- Ask the public servants you are working with to explain the flow of money within their department, ministry,Crown Corporation or arm of government.
- If money is flowing for example, between a Provincial Ministry of Education and a local school board get to know the provincial as well as local officials. Ask for the performance or accountability mechanisms. For example: How much special needs funding is allocated to School Board 'X'? Are there expectations? What can the money be used for? What happens if the money is not spent on what it was allocated for?
- Draw a map of the flow of money and try to identify as many key stops and decision makers, both political and bureaucratic, as you can.
- If there is a transfer of funds from one level of government to another map this flow as well.
- Once you know who these key people are, reach out to as many as you can while maintaining your other contacts.
Yes, it's a lot more work. But following the money gives you a greater chance of success.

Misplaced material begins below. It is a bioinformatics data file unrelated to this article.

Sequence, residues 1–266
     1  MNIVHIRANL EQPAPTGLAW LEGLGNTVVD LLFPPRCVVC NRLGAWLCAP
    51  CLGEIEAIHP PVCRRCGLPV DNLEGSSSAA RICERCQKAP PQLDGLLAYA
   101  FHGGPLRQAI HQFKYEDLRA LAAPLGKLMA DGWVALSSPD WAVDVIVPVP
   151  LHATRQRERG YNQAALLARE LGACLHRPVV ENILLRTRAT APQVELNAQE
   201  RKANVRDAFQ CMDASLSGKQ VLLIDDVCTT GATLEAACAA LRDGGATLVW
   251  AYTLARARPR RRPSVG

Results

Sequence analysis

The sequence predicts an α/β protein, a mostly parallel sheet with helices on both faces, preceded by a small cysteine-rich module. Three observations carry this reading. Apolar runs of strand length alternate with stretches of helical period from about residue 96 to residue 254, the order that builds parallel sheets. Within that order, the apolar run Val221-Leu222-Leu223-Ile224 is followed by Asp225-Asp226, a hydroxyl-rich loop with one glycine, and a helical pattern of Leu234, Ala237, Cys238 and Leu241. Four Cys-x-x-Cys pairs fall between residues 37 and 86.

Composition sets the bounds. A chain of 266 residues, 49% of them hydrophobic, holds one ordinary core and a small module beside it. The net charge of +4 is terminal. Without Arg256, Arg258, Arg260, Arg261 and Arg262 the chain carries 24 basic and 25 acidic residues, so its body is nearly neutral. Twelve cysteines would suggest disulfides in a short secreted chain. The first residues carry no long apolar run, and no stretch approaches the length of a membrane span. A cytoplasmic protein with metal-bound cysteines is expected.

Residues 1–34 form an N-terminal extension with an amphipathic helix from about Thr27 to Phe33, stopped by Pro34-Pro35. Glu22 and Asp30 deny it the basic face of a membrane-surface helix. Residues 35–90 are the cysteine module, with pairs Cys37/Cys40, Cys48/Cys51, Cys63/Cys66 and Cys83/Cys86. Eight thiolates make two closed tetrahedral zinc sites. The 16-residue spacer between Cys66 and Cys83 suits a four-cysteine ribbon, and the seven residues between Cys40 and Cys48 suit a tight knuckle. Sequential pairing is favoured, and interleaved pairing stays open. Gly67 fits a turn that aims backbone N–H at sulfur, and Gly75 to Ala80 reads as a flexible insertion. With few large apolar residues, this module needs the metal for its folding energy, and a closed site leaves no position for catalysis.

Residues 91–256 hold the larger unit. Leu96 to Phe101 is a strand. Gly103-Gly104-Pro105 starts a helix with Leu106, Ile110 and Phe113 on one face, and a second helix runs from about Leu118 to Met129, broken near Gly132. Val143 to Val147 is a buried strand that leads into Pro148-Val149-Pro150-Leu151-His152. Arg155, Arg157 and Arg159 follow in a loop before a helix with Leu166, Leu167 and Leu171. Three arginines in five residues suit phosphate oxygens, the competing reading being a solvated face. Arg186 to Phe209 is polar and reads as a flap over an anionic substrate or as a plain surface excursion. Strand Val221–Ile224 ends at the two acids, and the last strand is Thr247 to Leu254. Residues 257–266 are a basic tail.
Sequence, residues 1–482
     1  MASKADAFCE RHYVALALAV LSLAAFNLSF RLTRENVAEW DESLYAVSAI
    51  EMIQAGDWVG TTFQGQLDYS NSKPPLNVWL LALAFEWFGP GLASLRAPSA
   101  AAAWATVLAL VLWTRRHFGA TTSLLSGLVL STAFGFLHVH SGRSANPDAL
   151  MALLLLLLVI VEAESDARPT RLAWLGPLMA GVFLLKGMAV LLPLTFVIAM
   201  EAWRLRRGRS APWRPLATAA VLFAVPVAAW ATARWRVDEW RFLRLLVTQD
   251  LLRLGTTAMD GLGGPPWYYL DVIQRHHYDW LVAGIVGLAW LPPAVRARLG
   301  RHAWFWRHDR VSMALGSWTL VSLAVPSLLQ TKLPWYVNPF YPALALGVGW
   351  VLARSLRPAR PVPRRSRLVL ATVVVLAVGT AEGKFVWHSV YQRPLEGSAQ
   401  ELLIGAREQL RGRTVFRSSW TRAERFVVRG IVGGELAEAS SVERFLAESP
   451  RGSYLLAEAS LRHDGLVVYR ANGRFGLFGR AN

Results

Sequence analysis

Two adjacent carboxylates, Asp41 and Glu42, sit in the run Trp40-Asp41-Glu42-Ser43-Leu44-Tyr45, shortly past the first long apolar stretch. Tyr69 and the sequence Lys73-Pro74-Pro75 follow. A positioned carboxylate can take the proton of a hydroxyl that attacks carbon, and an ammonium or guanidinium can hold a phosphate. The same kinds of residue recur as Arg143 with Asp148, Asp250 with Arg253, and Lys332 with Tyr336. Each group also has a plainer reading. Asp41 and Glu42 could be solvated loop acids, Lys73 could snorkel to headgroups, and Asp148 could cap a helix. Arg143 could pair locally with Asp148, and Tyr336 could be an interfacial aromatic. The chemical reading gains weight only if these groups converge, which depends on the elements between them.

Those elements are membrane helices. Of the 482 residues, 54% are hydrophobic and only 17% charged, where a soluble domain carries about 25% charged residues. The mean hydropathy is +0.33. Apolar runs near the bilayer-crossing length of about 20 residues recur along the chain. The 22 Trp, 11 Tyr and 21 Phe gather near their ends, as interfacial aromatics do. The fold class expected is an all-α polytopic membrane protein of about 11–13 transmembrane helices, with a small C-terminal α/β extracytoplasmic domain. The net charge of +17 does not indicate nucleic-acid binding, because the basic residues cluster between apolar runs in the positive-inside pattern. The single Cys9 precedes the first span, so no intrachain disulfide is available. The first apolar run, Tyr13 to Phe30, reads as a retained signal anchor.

That’s excellent advice, Al and very practically illustrated. Bravo. This is a real public service you’re performing. I’m going to be using this – with attribution – in my future advocacy training sessions.
A long time friends and remarkable advocate, particularly for the inclusion of children with disabilities in regular classrooms sent me this detailed and very helpful commentary. Phil, has forgotten more about advocacy than most of us will learn in the first place. Thanks Phil!
Excellent article as usual;
I tried without success to add a comment to your latest Advocacy Tip. I would like to know how to do that on line.
I’ll add it here again and ask that it shared with other parents and their supporters.
In the movie Jerry Maguire said ‘Show me the Money! and as Al has noted that is really only the first step in finding out how special education funding works in the British Columbia public school system (and similarly in other jurisdictions across Canada). School districts receive an annual per pupil funding allocation and those children with defined special education needs generate additional funds based on a formulae for their specific education needs.